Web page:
The London Paralympics set a new benchmark for sport
JOHN GOODBODY / Sports Features Communications
December 3 - The London Olympics may have been a stunning success but, less predictably, the 2012 Paralympics had an impact on both the British and global public that was even more surprising. It was entirely appropriate that this leap in popularity should have taken place in London because it was in Britain that the Paralympic movement was born at Stoke Mandeville in 1948.
Clever promotion of the 2012 event, the contagious joy flowing from the Olympics themselves, the desire of the British public to salute the summer of sport, as well the genuine interest in the athletic performances all combined to make the Paralympics so memorable. This enthusiasm began in Britain and then spread across the world.
The record television audiences in Britain through Channel 4 were mirrored by those in other countries. According to figures from IFM sports, the Games were watched by a cumulative global audience of 3.4 billion people, excluding the host market. This represents a cumulated growth of almost one billion compared to 2008, also excluding the host market of China.
As Alexis Schafer, the International Paralympic Committee’s (IPC) Commercial and Marketing Director, said: ”To grow an international market outside of the host market in four years is a significant achievement and shows the growing global appeal of Paralympic sport and the Paralympic Games. It also highlights what a fantastic job the London organisers (Locog) did in bringing so many global broadcasters to the table and signing them on.”
So how did the Paralympics become such a triumph? Craig Spence, the IPC head of communications, says that it began with National Paralympic Day in Trafalgar Square in the centre of London, which was attended by thousands of people and then we had David Cameron, the British Prime Minister, and Boris Johnson, the Mayor of London, playing wheelchair doubles tennis, something that brought extensive coverage on television and in newspapers.
Spence explains: ”Then the next day, the tickets went on sale and Locog sold a million tickets within six weeks. Never before have we sold that many tickets going into the Games. The record going into the Games had been 1.8 million and we nearly beat our record in six weeks. The momentum just snowballed.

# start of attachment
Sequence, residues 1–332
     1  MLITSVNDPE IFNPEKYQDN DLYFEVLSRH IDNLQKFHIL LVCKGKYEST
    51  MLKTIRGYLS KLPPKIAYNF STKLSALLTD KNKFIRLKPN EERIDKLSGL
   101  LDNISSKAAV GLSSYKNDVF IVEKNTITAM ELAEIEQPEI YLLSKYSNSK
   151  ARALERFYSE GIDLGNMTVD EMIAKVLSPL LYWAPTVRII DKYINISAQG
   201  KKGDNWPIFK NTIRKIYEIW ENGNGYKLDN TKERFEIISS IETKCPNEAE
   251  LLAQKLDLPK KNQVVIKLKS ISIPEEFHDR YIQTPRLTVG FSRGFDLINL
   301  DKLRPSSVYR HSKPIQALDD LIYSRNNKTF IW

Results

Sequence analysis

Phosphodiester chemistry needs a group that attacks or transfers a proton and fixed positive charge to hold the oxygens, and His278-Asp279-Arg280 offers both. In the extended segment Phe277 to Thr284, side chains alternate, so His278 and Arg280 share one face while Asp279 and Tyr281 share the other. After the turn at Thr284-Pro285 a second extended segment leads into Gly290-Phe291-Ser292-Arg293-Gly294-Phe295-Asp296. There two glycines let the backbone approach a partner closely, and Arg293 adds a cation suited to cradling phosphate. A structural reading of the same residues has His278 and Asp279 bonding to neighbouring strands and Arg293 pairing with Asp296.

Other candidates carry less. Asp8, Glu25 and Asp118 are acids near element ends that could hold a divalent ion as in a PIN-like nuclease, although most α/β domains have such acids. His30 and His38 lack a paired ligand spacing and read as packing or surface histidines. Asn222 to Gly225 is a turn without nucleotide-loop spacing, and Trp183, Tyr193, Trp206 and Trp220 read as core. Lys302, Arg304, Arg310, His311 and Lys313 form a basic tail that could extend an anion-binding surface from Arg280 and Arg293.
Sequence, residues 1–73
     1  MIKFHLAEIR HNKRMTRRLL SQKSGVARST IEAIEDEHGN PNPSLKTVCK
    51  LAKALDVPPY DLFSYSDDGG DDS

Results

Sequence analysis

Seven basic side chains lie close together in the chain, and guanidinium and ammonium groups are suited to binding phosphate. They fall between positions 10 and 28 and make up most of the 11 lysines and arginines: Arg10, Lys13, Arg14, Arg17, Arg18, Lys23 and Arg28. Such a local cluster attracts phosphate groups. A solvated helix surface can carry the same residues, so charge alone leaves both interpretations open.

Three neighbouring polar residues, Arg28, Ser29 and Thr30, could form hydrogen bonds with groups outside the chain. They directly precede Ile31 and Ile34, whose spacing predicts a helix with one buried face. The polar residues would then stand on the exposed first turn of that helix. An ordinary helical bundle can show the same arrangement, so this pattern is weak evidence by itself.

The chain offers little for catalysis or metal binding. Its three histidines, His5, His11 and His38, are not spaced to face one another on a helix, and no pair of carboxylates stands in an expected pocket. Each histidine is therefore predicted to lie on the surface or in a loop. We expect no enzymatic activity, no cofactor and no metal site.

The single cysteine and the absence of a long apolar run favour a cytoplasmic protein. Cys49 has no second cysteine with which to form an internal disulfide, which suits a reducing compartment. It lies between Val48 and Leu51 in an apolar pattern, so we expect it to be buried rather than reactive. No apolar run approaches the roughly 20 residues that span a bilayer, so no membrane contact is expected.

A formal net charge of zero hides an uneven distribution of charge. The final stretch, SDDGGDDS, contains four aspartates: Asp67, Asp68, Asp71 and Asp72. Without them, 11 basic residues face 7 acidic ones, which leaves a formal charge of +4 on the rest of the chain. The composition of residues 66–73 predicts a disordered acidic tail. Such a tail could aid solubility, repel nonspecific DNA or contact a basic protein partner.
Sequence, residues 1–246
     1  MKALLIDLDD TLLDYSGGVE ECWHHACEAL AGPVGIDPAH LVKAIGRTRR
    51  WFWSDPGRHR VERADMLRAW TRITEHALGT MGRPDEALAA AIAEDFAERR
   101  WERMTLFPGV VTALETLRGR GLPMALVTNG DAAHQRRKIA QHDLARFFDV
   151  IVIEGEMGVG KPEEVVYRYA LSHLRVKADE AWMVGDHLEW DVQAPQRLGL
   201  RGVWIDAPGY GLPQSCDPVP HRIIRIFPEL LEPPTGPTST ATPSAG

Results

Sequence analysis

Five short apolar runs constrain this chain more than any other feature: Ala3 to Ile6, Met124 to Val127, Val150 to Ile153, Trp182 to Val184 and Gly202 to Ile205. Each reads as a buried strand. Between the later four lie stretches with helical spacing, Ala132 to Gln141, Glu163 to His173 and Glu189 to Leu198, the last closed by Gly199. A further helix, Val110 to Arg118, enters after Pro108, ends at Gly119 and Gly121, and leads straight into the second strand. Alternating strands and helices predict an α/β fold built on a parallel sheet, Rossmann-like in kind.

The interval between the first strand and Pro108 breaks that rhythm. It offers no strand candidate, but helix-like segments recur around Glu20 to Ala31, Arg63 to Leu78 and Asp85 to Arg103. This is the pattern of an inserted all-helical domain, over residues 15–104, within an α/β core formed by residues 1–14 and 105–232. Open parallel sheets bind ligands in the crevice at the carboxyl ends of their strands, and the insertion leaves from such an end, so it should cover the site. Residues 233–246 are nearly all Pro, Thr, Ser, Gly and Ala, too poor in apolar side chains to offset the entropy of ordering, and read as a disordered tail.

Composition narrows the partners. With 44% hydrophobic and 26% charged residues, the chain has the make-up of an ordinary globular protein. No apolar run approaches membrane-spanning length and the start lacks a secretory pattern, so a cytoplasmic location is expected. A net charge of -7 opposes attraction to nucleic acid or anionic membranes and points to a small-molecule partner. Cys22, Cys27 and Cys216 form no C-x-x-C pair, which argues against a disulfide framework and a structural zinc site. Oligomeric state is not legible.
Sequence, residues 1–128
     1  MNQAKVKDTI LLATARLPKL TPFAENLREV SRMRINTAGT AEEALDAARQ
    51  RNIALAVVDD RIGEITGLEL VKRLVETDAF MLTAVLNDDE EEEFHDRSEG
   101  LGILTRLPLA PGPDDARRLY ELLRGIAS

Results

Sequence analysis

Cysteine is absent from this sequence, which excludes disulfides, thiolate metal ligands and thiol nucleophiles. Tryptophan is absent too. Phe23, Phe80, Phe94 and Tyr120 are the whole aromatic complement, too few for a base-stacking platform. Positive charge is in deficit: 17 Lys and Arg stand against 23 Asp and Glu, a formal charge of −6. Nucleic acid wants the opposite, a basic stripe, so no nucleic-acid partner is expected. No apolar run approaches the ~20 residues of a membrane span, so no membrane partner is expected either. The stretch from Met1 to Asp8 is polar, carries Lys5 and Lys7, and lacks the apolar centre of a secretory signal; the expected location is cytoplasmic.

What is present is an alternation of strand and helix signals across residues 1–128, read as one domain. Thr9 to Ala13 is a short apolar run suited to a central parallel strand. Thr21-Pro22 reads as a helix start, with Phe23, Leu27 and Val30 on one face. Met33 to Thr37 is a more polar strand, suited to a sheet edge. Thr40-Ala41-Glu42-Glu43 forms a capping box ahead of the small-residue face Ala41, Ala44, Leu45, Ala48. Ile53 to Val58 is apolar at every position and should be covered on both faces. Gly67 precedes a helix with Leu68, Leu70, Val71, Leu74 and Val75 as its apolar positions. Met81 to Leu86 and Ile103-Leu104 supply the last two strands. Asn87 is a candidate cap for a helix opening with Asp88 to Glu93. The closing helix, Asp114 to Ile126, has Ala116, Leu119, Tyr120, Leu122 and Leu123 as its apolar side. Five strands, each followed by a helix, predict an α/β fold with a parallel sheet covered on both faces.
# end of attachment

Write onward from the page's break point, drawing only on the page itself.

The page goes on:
“Going into the Games, we changed our messaging to ‘these have the potential to be the best Paralympic Games ever purely because we have all the ingredients here.’ “
So what was the special recipe to the success of the Paralympics that first captivated Britain and then spread across the world?
Spence says: ”I am not sure but I think our athletes, from a media point of view, speak from the heart. Journalists want to hear from them because they are down to earth individuals. They love them. The main thing is without getting into people’s face and saying ‘we will change the perceptions of people with a disability’, they didn’t have to say it, they just did it.”
He explained how the focus of the coverage also altered. “Before the Games, the media was writing about how athletes might have lost a leg in a war or who was born with an impairment. This changed and the tone went to ‘what a phenomenal achievement it was to swim freestyle with no arns and to do 50 metres in 30 seconds’. People were just concentrating on the sporting achievements and saw the athletes as elite sport. And by the end of the Games enough people got it.”
The target now is to keep the momentum going with the Sochi and particularly at Rio de Janeiro, where, as Spence says, there is much more potential to change opinions. Britain has shown the level to which other countries must and should aspire.
** JOHN GOODBODY covered the 2012 Olympics for The Sunday Times, his 12th successive Summer Games and is the author of the audio book A History of the Olympics, read by Barry Davies, the BBC commentator. He was Sports News Correspondent of The Times 1986-2007, for whom he received journalistic awards in all three decades on the paper, including Sports Reporter of The Year in 2001.
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